Mentorship is a symbiosis, where a mentor is sitting on a mentee’s side, bringing experience to guide them through a path new for one, known for the other, but always different. This path will lead them both to discover new things, new points of view, new questions.
How can you evaluate the progress on this path? Be constant in your relationship. Set periodic meetings to check and prioritize the goals. Analyze if you are carrying through with them, and if you’re not, make yourselves think ‘why?’, ‘how can we fix this?’
At the end, the worst case is when neither mentor or mentee is learning. At that point, they will either need to focus on improving the relationship or decide to walk away. As with other kinds of relationships, not everybody is able to get us to the same place, and that’s okay. But you have to be brave and objective to know how and when to decide if the mentorship is not being satisfactory for both of you.
As a Mentor, I have doubts too
It’s common to have questions as a mentor. Beware that mentoring is not a two-step ladder, and that the mentor can at the same time be a mentee in another relationship. The mentor-mentee can apply and improve with the mentee the learnings they got from their own mentor. There is always someone with more experience we can learn from, and this makes mentoring a culture that we should be promoting inside our companies.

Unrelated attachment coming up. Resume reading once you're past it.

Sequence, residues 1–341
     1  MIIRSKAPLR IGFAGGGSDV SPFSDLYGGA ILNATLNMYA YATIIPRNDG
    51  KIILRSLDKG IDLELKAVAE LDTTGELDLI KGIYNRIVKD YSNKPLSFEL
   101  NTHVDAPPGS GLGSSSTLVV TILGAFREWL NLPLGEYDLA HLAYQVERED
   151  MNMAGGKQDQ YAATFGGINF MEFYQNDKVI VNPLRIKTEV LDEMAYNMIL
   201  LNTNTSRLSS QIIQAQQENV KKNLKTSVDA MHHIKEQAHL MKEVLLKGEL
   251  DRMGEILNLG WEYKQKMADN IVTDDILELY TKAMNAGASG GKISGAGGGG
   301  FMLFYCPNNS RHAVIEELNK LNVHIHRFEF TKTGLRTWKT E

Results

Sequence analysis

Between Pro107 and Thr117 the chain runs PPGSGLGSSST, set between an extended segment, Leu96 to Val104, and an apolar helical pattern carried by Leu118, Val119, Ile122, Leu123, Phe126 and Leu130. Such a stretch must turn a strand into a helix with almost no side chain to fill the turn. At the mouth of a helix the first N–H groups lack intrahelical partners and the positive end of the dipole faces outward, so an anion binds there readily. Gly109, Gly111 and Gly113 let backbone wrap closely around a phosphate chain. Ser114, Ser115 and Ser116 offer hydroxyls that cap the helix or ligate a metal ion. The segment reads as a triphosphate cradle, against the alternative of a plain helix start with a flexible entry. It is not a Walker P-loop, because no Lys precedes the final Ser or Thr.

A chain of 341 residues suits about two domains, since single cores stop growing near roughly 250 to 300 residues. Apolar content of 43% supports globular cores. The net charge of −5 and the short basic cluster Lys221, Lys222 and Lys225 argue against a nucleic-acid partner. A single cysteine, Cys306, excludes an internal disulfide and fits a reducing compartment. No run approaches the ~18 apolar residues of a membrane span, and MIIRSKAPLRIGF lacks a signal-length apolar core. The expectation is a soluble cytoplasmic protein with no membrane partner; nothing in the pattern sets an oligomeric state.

Healthy companies, those who want their employees to evolve and grow, support mentoring initiatives. It’s important to be aware of the ways your company can support you. Ideally, mentoring should count as part of your work day schedule. It’s not a nice to have. You should make enough time for mentoring related activities. Think about it, maybe at your next job interview it’s a question you would want to ask.
Let it go
Eventually, you will reach a point where the mentee no longer needs the mentor. Both sides must understand that the cycle is closed: the mentee will need another mentor for different purposes, and the mentor will be able to help the next mentee. This actually confirms the success of the relationship. At that point both will be not only workmates, but friends, knowing that the other will always be there for you.
Disclaimer: The statements and opinions expressed in this article are those of the author(s) and do not necessarily reflect the positions of Thoughtworks.
Originally published at https://www.thoughtworks.com.